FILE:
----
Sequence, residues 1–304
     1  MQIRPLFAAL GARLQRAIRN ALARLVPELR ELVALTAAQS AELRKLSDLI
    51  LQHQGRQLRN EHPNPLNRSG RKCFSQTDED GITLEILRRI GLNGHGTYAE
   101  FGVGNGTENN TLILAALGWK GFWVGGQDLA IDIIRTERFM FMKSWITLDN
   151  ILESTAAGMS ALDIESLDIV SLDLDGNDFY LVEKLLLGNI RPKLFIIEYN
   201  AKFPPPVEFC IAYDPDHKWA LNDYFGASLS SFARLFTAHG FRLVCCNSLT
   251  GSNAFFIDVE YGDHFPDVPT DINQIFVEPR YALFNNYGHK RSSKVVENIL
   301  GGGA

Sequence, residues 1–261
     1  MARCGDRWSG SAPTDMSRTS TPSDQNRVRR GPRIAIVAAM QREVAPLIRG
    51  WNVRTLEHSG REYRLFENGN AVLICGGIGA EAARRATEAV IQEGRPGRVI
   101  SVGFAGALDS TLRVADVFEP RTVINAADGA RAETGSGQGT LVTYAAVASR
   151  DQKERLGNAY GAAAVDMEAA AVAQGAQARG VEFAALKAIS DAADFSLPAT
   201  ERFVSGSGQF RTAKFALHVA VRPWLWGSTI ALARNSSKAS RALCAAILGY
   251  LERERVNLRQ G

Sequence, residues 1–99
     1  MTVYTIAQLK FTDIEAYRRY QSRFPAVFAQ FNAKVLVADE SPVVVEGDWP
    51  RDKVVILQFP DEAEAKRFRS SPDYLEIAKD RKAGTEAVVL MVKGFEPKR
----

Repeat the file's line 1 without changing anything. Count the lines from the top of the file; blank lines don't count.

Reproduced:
Sequence, residues 1–304